The movie rights were sold before a Spencer Township native’s novel even hit store shelves.
Steven Spielberg and Michael Bay picked up the rights to Black River High School graduate Jobie Hughes’ young adult novel, “I Am Number Four,” on June 26. The novel does not come out until September 2010.
“They bought the rights to an unpublished book … before we had interest in the book, the movie rights were done and sold,” said Hughes, 29, who grew up in the township and now resides in New York City. “Usually it’s always done the other way around.”
Spielberg and Bay were not the only ones interested in the novel. Represented by Beverly Hills-based Endeavor Talent Agency, Hughes said there was a bidding war between Spielberg and Bay and producer J.J. Abrams for rights to the story.
Now, DreamWorks LLC, a film studio co-founded by Spielberg, anticipates the film to be out in July 2011.
“It’s pretty surreal,” Hughes said via phone Sunday.
Before the Hollywood glamour, however, came the task of writing “I Am Number Four.”
Hughes has a co-author, James Frey, who wrote the memoir, “A Million Little Pieces.”
Hughes did not name Frey specifically, he said, because the partnership was originally supposed to be secret. However, other media have named Frey as the co-author of the book.
Hughes and Frey met in March 2008 at Columbia University, where Hughes was attending graduate school for creative writing when Frey came to speak to the school’s film department. They exchanged e-mail addresses and built a friendship.
In January, Frey approached him with an idea for a novel he wanted Hughes to co-author.
“I Am Number Four,” is the first of a planned six novels that will become The Loric Legacies. It is set in Paradise, Ohio, an amalgamation of Spencer, LaGrange and Wellington. Athens, Ohio, where Hughes attended Ohio University, also plays a major role in the novel.
The novel is told from the first person perspective of a 15-year-old alien named John Smith. He is one of nine aliens to escape his home planet Lorien, which is under attack by inhabitants of the planet Mogadore. The nine come to Earth as young children, and though they assimilate, they hope to one day return to Lorien.
However, the Mogadorians have other ideas and travel to Earth to “finish the job” and kill the Lorien teens one by one. They are to be slaughtered chronologically, according to a number assigned to each one. When the novel opens, the Mogadorians already have killed the first three. Smith is number four.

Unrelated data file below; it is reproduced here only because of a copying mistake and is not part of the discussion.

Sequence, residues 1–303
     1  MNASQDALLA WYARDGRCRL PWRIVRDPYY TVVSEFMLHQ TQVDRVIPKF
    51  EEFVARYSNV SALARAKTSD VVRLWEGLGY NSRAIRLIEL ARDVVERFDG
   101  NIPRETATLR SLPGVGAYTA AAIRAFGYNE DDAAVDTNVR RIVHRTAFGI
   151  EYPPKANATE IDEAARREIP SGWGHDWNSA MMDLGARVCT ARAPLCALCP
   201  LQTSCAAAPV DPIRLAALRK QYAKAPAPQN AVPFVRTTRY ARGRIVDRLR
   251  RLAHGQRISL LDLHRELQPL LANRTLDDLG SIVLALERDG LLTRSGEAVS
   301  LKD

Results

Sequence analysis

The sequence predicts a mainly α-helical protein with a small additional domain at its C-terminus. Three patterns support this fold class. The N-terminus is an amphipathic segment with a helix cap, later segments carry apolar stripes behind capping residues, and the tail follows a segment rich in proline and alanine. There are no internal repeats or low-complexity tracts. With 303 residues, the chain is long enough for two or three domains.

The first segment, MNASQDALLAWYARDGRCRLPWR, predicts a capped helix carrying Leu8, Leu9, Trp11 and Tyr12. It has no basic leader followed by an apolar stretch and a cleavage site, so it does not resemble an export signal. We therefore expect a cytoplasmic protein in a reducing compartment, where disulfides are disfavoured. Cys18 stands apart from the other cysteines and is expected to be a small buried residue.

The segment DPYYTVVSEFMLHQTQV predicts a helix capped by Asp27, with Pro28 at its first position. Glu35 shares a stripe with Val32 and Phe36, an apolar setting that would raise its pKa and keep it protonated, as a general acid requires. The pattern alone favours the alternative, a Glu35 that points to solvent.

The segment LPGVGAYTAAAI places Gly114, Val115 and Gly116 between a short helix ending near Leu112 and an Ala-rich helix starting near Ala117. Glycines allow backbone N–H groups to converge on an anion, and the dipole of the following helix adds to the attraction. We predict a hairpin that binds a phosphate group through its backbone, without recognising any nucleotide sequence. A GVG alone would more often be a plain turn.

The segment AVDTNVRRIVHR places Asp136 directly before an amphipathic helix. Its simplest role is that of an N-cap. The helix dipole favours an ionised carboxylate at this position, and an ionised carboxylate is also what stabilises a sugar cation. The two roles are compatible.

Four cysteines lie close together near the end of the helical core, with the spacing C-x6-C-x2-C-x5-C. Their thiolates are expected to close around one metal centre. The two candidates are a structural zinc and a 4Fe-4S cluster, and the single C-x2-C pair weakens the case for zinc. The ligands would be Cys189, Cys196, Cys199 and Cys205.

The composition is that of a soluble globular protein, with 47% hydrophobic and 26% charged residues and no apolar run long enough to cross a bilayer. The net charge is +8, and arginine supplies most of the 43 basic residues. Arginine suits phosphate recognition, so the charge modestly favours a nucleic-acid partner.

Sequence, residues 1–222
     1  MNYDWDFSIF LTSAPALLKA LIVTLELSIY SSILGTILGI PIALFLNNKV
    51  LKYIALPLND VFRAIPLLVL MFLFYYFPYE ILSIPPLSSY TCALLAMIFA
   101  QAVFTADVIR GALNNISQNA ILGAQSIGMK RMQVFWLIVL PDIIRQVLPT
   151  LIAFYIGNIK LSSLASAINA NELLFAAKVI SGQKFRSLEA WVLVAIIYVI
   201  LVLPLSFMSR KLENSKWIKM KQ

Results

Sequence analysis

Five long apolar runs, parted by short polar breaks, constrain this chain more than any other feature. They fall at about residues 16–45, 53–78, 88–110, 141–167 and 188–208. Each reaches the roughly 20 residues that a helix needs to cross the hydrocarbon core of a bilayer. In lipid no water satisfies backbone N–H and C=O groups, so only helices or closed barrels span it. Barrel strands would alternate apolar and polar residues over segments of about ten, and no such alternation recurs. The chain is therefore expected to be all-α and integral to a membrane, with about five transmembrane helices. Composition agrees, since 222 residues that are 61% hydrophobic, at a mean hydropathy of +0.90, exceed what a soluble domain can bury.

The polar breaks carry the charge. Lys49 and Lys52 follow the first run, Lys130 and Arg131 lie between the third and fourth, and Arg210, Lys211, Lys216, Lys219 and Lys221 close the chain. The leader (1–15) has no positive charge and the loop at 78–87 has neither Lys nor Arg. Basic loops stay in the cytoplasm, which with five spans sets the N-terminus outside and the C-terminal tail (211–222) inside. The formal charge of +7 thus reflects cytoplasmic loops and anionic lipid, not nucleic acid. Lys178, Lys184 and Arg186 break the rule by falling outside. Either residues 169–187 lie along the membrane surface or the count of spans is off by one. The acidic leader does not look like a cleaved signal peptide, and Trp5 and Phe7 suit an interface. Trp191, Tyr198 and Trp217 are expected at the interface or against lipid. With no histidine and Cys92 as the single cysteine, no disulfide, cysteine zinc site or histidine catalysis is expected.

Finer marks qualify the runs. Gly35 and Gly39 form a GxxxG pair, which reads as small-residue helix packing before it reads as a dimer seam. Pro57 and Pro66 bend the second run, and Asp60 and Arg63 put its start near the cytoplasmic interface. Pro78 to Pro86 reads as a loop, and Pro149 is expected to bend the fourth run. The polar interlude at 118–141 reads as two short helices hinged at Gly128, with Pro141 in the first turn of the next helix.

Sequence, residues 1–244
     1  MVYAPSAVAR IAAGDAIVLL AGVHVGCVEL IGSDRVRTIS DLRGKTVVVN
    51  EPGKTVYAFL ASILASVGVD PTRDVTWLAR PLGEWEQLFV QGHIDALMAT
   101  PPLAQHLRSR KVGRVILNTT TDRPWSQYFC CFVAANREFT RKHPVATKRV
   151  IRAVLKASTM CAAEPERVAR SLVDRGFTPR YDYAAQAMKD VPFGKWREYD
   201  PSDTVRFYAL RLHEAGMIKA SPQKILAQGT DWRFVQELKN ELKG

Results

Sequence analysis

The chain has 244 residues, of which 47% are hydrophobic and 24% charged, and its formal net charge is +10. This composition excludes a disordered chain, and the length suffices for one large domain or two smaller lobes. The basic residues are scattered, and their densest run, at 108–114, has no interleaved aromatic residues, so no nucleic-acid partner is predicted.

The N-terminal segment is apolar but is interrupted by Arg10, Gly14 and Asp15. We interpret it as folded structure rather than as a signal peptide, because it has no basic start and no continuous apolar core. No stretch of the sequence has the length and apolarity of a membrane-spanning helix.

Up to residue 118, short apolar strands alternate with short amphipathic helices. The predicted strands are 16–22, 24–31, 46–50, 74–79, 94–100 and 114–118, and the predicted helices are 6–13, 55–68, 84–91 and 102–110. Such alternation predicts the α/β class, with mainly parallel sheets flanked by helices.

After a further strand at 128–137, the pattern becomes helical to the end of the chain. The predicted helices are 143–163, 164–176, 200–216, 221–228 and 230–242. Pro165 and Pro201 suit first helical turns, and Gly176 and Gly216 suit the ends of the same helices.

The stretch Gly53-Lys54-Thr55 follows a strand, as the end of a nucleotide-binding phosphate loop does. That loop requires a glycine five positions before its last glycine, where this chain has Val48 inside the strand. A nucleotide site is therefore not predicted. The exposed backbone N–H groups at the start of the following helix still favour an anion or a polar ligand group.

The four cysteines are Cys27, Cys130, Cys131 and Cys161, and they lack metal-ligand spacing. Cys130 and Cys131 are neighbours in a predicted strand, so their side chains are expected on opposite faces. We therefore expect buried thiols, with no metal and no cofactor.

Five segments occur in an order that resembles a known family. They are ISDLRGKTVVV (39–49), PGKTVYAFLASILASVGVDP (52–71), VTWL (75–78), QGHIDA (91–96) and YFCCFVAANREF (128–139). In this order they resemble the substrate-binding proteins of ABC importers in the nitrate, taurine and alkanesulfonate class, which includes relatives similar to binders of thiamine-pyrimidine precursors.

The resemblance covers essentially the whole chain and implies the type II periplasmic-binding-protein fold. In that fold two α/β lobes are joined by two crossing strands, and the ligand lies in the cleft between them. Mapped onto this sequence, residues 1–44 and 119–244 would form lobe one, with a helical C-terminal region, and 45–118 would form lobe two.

While Frey came up with the concept, Hughes wrote the novel, sending three drafts to Frey, who revised them and is writing the final manuscript.
In the wake of the success of the Harry Potter and Twilight series, Hughes is hoping the Loric Legacies will be the next teenage craze.
“Harry Potter is just about done, all of the Twilight books are published, we’re hoping to have the next big series,” Hughes said. “That remains to be seen, but we feel confident what we’ve written we will continue to write in the future.”
That future bodes well. Rights to “I Am Number Four,” have been sold to 33 countries worldwide and will be translated into 12 languages. In the United States, HarperCollins bought the first four books in the series. A company in Taiwan bought all six.
Hughes said his sudden success has taken him by surprise. It was just 11 years ago that the Black River High School graduate won a state wrestling title in 1998 before heading to Ohio University to attend business school.
“I didn’t know what I wanted to do, so I went into business and hated every second of it,” Hughes said.
He graduated from Ohio University in 2002 and worked “odd jobs” in Cleveland for about four years and in Chicago for a year.
Hughes had never taken creative writing classes or many English courses, and he had never picked up a pen to try writing. But he was getting an education by reading Ernest Hemingway throughout college. He even has the author’s initials tattooed on the underside of his left wrist.
“It was through happenstance that I picked up a pen and started writing one day, and now the rest is history,” he said.
Now he writes at least 1,000 words a day, often heading to a coffee shop to do so.
Hughes said the Loric Legacies are a little outside of his comfort zone as he usually pens serious adult fiction.
“Really, this project is far from what I normally do,” he said. He added: “Even though this book is a departure from what I normally do, I didn’t try to dumb down its style. Even if the genre is different, I’m still as proud of it as anything else I’ve written.”
Hughes will get a chance to show off his adult writing with the novel “Agony at Dawn,” which is being reviewed by publishers. It follows the life of 27-year-old Stratton Brown, who has an uncertain past and dreams of writing something great. In the meantime, he falls in love with a girl from whom he tries to keep his past. The novel is set in Spencer and Chicago, Hughes said.
Contact Lisa Hlavinka at (330) 721-4048 or firstname.lastname@example.org.